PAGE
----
Installed linux-lts is now the default kernel. How can I change It?

I installed the Linux-LTS kernel as per the instructions here on the forum. Everything went fine.

But now, when I login, the LTS kernel is the default and I have to scroll down to the ‘regular’ kernel. I would like to change the default back to the latest (5.2.5) ‘regukar’ kernel, keeping the LTS kernel as a backup (I would have to scroll down to mount the LTS kernel rather than the other way around).

How do I do this?

I hope that someone can tell me what to do in plain, simple English. I’m sure that there is an Arch wiki but Ihave found those to be convoluted at best and often outdated and/or incorrect.

Thank you.


1 Like

The easy way is to load grub customizer and then you can move position of the entries.


you can setup in two ways …

so like :


you can do also in titles but would be complicated as on wiki …

or :

un tag

by recalling when you choose it stick to the choice

even there on the wiki you can setup the old menu style :slight_smile:

dont forget to generate the grub.

edit : 1>2 means second but if you want the thirth would be 1>4 , but if you install linux-zen , it comes above, its also like linux but with zen patches…

1 Like

If I’m not mistaken (if I am, someone please correct me!), the command to regen the grub file is:

sudo grub-mkconfig -o /boot/grub/grub.cfg


That is correct.

1 Like

Wow! Thank you! So easy - and it worked perfectly!

Thank you very much.


but dont use grub-costumizer to much it can mess also too much basicly. sure its easier :slight_smile:

1 Like

@lhb1142 I agree with you on the Arch wiki. I get a headache just looking at it because everything just leads to something else. It’s like trying to catch a ferret! Part of the problem with Linux and why i believe it is not the desktop of choice is exactly for this reason. Convoluted answers by and large either that are wrong or so technical the average user cannot understand it. This is one of the reasons i am here. When i first came across Arch and saw how difficult it can be and then i found Antergos and i was hooked. I believe that Endeavour is on the path to be even more. I am happy that you are here and i hope that everyday you learn something new as i have and still do. This is a great community and Endeavour is shaping up to be the distro that does.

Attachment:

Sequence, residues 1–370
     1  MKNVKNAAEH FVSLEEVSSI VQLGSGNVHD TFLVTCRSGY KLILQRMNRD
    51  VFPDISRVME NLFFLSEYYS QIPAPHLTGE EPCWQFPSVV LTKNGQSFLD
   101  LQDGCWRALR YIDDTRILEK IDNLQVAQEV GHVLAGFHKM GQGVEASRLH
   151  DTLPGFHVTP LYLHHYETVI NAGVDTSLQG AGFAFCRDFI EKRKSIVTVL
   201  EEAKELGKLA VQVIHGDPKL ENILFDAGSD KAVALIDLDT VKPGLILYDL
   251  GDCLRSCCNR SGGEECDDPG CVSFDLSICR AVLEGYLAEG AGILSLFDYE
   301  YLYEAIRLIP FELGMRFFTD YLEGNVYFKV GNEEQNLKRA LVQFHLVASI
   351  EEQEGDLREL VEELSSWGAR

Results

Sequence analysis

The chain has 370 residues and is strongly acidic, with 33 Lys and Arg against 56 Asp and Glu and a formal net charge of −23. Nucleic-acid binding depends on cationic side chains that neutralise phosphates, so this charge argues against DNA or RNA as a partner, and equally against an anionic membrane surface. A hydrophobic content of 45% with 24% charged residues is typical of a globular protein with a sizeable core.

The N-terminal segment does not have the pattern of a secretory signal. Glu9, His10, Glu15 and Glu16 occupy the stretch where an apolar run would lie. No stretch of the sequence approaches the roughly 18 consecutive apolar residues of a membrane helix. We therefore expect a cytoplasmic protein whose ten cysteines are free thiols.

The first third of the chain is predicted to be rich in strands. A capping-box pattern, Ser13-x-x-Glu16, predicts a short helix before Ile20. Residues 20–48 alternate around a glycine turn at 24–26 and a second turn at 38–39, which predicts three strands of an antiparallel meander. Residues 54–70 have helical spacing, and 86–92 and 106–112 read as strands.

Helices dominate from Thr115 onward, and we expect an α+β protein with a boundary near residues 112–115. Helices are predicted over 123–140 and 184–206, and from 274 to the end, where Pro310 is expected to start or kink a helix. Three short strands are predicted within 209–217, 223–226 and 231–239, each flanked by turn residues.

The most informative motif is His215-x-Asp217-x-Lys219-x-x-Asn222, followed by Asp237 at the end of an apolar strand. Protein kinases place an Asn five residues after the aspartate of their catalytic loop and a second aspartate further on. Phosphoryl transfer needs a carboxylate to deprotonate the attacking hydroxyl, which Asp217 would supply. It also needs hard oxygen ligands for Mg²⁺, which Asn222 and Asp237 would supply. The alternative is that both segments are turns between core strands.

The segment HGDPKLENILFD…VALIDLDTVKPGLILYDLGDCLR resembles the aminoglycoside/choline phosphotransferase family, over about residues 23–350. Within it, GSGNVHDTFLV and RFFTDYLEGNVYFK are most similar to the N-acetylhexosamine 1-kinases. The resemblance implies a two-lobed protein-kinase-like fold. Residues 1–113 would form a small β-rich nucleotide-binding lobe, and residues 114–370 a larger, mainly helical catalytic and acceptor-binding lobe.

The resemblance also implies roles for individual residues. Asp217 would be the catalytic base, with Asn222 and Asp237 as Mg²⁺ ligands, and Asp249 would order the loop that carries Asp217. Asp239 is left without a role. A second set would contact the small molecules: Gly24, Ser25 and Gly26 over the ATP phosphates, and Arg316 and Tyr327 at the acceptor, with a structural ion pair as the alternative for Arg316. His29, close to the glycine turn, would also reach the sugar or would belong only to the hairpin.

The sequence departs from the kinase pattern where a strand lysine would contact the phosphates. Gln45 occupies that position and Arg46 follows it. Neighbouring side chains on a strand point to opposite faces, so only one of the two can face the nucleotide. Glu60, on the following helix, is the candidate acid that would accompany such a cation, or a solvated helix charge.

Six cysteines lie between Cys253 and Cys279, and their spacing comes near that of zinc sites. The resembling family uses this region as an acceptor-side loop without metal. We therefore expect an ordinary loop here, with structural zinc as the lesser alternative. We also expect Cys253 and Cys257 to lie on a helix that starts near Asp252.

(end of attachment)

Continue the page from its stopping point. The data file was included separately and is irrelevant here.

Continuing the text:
You are absolutely correct. Frankly, I believe that some people want to show off what ‘geniuses’ they are - THEY know things that YOU and I don’t - and they make it as difficult as possible to follow their thinking and/or their ‘explanations.’

And THEY like to ‘lord it over’ us with ‘directions’ that no normal person could follow.

Maybe some ‘nerds’ like to do things the convoluted way but ordinary computer users like myself, who just want to use various programs on the computer to actually DO things (audio, video, graphics, etc.) want to have SIMPLE means of setting up their computers so they can just use them.

Of course I fully realize that some computer wizards (such as the developers of EndeavourOS) really MUST know all of the arcane things about GNU/Linux distributions. Otherwise they could never create one!

But I, for one, am only an ordinary computer user in his late seventies who did not grow up with computers and I have never had a computer lesson in my life. Everything I know has been obtained through reading books, articles, and questions and answers on forums. Plus, if I have a specific question to which I have not found an answer that I can understand, well, I’ll ask the question myself (and hope for a simple answer).

The program you recommended < grub-customizer > did exactly what I wanted it to do and it did it simply and quickly.

I found, a number of years ago (and I wrote this into one of the forums) that EVERYTHING in Linux is easy - once you know how to do it!

That’s one of the really nice things about this particular forum (and was also on the Antergos forum). There are lots of people (and it seems that more and more are joining every day) who are willing to HELP other people (like myself) who have (lots of) questions and explain what to do in the easiest way possible.

I thank you especially and everyone else who has gone out of their way to help me.



You are very welcome. Like you say Linux is easy once you know how. But, some aspects of it will always be more in depth than most users want or need to be and that is what i am getting at. You can’t just give people commands and expect them to understand what to do. Most things relate to program commands and if you are not familiar with it then you are lost. So things need to be explained not always but sometimes so you understand what the command does. It’s not like you have to write a novel but it sure helps to have the ability to look at the command and understand what it is saying to some degree. Albeit that takes time but it all becomes familiar after repetition and gaining some insight.

1 Like

That pretty much nails it! :laughing: